The Butterfield Blues Band's first album was an infectious, hard-driving update of Chicago blues standards from masters like Muddy Waters and Willie Dixon. But their second album, "East/West," transcended the genre. The title track remains a masterpiece: a beautiful, long, transcendental instrumental blending eastern modalities with a western backbeat, driven to ecstatic heights by Mike Bloomfield's soaring electric guitar.
To this day, "East/West" is my favorite, take-me-to-another-place, go-to song, but, alas, the original band was short-lived, and the talented but troubled Bloomfield died young, like too many of his peers, of a drug overdose.
Which leaves Cream.
The turbulent history of the brilliant but relatively brief partnership of the three rock superstars — bass player Jack Bruce, drummer Ginger Baker and guitarist Eric Clapton — is well documented. Fortunately, they left us a lot of great music in the two years they were together, and I never tire of it. But boy, did I wish I could have seen them live.
And then, in 2005, I did.
Bruce, Baker and Clapton were in their sixties, but alive and well. Their reunion tour came to the Garden and I was able to get tickets and go with one of my old friends from Cash Box days, also a big fan. When we got to the Garden, I got the sense that most of the people were anticipating the concert as much as we were, but didn't know quite what to expect.
I hadn't been to a rock concert in a big arena in a long time, and the first revelation was how good the sound system was. The sight lines also turned out to be excellent. Then Bruce, Baker and Clapton came on stage. The crowd erupted, but they didn't milk it. They were there to play, and they started right in and never let up.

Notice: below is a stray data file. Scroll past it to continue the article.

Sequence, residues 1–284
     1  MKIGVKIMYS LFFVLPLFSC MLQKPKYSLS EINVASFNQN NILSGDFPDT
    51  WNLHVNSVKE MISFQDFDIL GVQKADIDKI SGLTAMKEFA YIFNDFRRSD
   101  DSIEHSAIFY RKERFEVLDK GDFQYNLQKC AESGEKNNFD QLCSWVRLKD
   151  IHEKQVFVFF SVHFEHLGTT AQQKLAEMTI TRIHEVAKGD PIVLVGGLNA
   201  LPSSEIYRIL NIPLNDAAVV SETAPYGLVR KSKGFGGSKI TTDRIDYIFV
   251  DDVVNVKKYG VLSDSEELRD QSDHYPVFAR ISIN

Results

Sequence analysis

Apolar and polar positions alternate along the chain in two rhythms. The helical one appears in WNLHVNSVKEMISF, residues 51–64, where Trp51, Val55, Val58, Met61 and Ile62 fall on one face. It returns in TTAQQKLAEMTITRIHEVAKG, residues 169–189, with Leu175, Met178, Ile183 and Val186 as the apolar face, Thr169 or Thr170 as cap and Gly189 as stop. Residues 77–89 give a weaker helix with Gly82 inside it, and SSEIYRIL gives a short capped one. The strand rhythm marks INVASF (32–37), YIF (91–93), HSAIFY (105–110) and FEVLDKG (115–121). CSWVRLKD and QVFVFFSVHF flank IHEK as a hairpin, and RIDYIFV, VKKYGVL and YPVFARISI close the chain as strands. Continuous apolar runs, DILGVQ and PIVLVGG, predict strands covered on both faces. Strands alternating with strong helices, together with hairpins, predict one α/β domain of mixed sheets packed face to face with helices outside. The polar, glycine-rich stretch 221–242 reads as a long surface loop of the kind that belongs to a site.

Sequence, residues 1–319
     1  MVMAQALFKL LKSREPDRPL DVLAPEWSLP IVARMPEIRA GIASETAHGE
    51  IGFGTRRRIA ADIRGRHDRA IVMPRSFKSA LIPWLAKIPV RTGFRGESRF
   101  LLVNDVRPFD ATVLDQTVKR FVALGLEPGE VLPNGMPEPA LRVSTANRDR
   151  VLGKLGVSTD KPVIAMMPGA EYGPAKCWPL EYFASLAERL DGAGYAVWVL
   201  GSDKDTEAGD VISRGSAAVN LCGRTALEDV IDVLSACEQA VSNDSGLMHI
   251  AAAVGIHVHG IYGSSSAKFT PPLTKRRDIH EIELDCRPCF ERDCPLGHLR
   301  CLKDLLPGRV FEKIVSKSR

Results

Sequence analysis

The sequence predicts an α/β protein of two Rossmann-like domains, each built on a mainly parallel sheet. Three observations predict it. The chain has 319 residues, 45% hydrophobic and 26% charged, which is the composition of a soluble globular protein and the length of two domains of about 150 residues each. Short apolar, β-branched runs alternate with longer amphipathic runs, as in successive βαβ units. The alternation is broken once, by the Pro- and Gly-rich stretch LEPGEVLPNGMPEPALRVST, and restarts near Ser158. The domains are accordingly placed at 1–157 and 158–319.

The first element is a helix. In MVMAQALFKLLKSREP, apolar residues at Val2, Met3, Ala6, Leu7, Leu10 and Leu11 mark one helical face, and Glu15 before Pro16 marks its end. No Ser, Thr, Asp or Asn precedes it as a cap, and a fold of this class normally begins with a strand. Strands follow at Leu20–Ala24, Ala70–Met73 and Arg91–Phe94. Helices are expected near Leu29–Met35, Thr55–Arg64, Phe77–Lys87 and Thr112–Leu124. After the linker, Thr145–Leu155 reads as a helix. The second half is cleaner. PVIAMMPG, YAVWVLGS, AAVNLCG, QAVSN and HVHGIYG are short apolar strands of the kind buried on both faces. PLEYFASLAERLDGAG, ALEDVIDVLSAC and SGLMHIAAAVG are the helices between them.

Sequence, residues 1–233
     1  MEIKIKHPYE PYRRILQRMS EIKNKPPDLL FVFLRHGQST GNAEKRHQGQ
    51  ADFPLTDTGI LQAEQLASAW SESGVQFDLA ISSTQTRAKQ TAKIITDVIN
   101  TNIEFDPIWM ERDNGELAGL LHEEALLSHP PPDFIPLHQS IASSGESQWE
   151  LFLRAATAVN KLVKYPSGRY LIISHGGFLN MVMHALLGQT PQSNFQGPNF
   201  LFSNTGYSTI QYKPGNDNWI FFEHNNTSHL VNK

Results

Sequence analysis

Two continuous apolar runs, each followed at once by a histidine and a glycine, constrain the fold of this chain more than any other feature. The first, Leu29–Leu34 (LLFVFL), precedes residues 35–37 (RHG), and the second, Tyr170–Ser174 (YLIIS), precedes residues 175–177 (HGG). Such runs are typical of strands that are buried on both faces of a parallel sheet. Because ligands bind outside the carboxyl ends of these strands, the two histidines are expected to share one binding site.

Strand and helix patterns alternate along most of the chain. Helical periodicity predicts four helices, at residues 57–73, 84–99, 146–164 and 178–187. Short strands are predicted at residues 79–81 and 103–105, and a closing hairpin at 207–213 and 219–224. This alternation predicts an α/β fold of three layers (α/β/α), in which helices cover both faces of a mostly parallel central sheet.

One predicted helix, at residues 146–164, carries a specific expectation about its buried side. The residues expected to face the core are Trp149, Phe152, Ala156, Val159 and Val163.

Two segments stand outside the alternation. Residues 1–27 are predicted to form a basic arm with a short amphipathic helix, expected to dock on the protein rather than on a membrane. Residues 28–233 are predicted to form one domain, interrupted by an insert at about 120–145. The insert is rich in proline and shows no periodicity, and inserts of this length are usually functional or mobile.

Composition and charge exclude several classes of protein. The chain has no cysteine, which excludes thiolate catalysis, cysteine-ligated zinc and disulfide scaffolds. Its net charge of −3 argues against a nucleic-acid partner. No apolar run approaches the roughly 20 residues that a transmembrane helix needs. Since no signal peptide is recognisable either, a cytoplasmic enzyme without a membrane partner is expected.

The three men played with an intensity and passion that belied their age, and certainly their decades-long hiatus. They mostly played their old songs, but you never got the sense they were going through the motions. The reason, I think, was best summed up by Ginger Baker in a recent interview he did in the Wall Street Journal, of all places. He described the band as two jazz musicians (himself and Bruce) and a blues guitarist whose playing remained fresh, even when doing the same songs, because they were constantly improvising.
Exactly! Despite their off-stage personality differences, it was obvious these superb musicians enjoyed playing together and pushing each other to heights they wouldn't reach otherwise. It was a great night of rock and roll.
When it was finally over, and we — and the band — were spent, joyfully exhausted and perhaps a bit sad because we all knew we would probably never experience anything like this again. Then, as were filing out, some familiar notes came out of that state-of-the-art sound system, clear as a bell and literally giving me goose bumps: the haunting, timeless electric guitar chords of "East/West."
How did they know?